A small number of genomic variants have been identified that modify heart failure by affecting well-understood physiological systems. The principal barrier preventing their adoption in practice may be lack of evidence showing how application of this information can best be used for clinical benefit. Trials testing genotype targeting of antiplatelet therapy and anticoagulation will be completed in the coming years. The findings from these studies will likely determine the level of enthusiasm for conducting genotype-guided trials of β-blockers and RAAS antagonists in heart failure. Given that the lifetime risk of heart failure in the United States is estimated at 1 in 5, even a small favorable effect on heart failure prevention or outcome through use of genome-guided therapy has the potential for a large public health impact. We therefore believe that a near-term goal should be to conduct pharmacogenomic trials in heart failure based on our current understanding of heart failure variants.

Looking ahead, unbiased approaches will continue to reveal a large number heart failure-modifying variants (both common and rare). Based on experience in other complex phenotypes, such has height70 and plasma lipid levels,71 the underlying genetic mechanisms for many new heart failure variants will be completely unknown, and their sheer number will preclude detailed experimentation using murine models to figure them out. Leveraging these variants for clinical application is a challenge that we will be forced to confront.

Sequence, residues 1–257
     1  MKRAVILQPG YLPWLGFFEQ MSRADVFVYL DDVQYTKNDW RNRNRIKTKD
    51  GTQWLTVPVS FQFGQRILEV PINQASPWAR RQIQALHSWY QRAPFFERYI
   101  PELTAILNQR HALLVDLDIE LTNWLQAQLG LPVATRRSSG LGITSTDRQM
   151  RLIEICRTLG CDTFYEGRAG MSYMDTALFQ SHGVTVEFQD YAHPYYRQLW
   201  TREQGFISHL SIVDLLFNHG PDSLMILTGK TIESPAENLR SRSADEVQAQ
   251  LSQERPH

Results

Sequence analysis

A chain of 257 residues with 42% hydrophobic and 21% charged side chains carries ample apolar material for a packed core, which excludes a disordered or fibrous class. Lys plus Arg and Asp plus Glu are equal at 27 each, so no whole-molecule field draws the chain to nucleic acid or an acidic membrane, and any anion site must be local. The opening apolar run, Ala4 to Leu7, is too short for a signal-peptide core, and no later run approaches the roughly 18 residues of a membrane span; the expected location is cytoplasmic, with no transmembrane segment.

As our ability to identify rare, disease-causing variants improves through personal genome sequencing, we will be faced with the additional problem of how best to estimate the disease risk conferred by a sequence variant for which there has been no biological validation. In probabilistic terms, because there are 3 billion nucleotides in the human genome and over twice that many humans on the planet, it is likely that a nucleotide substitution for every position is represented in someone. Obviously, it will be impossible to recombinantly express and functionally characterize every DNA variant that is going to be implicated in heart failure. Bioinformatics filters have been used to try and separate functionally significant from insignificant variants based on the likelihood of changing transcript expression or protein function. These tools are limited but will improve if we tailor their results to the known characteristics of each gene product. For example, current approaches to categorize amino acid substitutions as conservative or nonconservative based only on charge or side chains can be improved by molecular modeling that incorporates protein-specific structure-function information. This approach has been used to estimate the pathogenicity of myosin heavy chain (MHC) mutations in an effort to determine which mutations are likely to cause familial cardiomyopathy when linkage analysis is not feasible.72 In concept, this approach can be applied to any protein for which structure-function activities have been finely mapped to distinct domains.